Startup Security: Toxic Threats to Avoid
Sometimes it’s easy to overlook the possible threats to your business.
However, to have a truly solid and secure startup, you need to know about the things that could negatively affect it, as well as the things that work in its favour. With this in mind, keep reading for more information on how to prevent toxic security threats affecting your company’s opportunity to succeed.
With so much being done online, it truly is vital to protect yourself in the virtual world as well as the physical one. Luckily, protecting your data is probably the easiest security task to sort as there are recognised industry standards that you can put in place to prevent breaches of privacy.
These include being aware of new threats like phishing scams and hacking vulnerabilities in your IT structure. It can also include proactive measures such as dual authentication passcodes and sending your IT equipment to specialised computer recycling centres when you are done with it, so they can wipe the data contained (meaning anyone who goes on to acquire your old machines will not have have all your sensitive information at their fingertips). In these ways, you can prevent most threats to your digital security, helping maintain your edge over the competition and keeping your prospects more secure.
Employee Security and Safety
Looking after your staff, and ensuring that they are safe, isn’t always as easy – primarily because people aren’t always predictable. It is also a two-pronged activity because you need to look after them whilst ensuring that they are acting with your company’s best interests at heart.
You need to be confident that they are protected in the workplace – both from internal threats to their well-being such as bullying, and from unreasonable demands. At the same time you need to be sure that they are maintaining your company’s security and integrity in terms of information and reputation. With regards the former, following clear rules of how to act in the work environment, as well as safety procedures, are helpful, whilst with respect to the latter, clear expectations and – in extreme cases – the use of private corporate investigation companies (who can ferret out any wrongdoing like fraud) can help.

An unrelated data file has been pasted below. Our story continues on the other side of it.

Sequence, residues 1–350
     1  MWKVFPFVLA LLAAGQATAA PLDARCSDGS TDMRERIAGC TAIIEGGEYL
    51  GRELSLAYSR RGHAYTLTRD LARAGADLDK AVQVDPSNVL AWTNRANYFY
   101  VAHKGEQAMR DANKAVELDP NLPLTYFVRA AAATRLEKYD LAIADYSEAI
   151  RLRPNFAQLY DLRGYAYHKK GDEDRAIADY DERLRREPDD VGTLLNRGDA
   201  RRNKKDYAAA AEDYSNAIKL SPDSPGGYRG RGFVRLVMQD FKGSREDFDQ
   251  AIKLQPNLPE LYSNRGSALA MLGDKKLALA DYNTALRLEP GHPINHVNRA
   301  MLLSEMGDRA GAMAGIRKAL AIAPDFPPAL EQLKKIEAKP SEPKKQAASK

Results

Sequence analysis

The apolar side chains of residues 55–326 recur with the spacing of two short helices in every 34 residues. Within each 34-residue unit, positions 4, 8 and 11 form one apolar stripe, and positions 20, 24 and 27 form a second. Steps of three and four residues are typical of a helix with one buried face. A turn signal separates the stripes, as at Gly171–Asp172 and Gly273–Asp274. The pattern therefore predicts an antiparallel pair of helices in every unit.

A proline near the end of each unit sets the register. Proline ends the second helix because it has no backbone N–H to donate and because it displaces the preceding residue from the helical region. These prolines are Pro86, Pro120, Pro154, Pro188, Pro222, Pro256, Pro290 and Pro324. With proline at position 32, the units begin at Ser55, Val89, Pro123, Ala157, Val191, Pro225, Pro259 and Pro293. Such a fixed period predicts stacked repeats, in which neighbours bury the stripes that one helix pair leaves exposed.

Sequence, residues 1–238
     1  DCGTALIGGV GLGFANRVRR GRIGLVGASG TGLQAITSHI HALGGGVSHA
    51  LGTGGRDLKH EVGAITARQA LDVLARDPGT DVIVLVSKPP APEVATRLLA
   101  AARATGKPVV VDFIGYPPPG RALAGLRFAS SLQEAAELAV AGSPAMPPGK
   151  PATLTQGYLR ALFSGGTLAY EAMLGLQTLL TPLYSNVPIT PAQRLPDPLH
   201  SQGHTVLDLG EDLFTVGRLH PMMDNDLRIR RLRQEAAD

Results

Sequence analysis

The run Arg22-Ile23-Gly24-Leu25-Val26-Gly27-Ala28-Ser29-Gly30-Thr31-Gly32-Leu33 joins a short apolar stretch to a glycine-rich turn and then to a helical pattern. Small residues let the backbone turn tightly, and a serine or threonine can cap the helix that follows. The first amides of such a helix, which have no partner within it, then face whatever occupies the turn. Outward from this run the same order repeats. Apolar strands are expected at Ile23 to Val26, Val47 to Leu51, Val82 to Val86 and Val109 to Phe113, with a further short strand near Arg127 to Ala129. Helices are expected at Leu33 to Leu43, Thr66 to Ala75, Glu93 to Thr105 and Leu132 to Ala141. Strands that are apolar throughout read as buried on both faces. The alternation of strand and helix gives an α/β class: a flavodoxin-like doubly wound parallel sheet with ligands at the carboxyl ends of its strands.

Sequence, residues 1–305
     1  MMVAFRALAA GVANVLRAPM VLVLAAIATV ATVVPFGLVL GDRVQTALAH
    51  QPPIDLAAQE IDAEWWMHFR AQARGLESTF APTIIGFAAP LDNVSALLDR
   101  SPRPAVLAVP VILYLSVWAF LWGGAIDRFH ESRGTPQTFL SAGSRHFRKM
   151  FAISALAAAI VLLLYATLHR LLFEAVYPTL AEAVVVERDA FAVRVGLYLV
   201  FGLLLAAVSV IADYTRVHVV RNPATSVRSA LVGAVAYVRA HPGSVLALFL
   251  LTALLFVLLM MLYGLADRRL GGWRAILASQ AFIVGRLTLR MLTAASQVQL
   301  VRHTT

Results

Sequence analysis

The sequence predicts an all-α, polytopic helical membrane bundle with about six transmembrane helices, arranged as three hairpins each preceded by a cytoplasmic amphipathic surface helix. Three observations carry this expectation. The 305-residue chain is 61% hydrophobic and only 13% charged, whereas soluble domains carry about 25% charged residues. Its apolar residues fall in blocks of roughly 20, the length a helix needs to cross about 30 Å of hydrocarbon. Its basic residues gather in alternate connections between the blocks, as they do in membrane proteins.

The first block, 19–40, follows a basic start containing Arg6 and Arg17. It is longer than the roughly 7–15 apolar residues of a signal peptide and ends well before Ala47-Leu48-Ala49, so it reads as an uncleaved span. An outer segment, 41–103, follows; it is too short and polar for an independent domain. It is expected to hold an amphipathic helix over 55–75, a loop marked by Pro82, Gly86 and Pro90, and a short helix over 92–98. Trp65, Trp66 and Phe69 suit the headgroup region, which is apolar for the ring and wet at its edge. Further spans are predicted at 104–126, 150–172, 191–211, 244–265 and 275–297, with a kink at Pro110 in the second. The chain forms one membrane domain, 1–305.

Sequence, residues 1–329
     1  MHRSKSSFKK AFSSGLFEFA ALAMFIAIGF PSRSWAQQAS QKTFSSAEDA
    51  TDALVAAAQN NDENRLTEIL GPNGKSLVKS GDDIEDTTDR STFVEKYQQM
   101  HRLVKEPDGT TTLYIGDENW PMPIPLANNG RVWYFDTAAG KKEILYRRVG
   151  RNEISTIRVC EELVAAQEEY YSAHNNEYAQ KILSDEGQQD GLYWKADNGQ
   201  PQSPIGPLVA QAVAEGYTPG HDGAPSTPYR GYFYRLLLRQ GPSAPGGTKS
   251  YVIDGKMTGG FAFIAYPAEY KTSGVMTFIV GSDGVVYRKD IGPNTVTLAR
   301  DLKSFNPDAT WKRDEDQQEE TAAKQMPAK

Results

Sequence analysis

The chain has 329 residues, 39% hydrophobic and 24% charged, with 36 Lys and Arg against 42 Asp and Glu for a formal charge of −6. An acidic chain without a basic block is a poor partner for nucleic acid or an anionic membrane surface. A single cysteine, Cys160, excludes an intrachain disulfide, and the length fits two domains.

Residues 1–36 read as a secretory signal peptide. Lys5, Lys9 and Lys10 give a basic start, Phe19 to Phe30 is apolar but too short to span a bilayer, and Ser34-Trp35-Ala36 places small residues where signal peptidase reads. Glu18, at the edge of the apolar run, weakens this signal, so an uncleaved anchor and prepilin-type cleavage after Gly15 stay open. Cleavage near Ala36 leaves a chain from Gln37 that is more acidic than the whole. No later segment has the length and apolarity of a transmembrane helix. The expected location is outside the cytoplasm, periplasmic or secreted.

Lastly, another facet of security that you need to consider for your startup is how stable it is within the market it is operating. Of course, markets rise and fall, and startups are often at a disadvantage as they can expand – and shrink – fast, making it harder to predict stability moving forwards.
However, there are things you can do to foster a more secure place in the market, such as always having a plan B. This means if your original idea isn’t working, you have another income stream set up and ready to go. Then you can either switch to trying something new, or use it to generate funds until plan A gets back on its feet. By doing so, you make your position in the market – no matter how unstable – a lot more secure.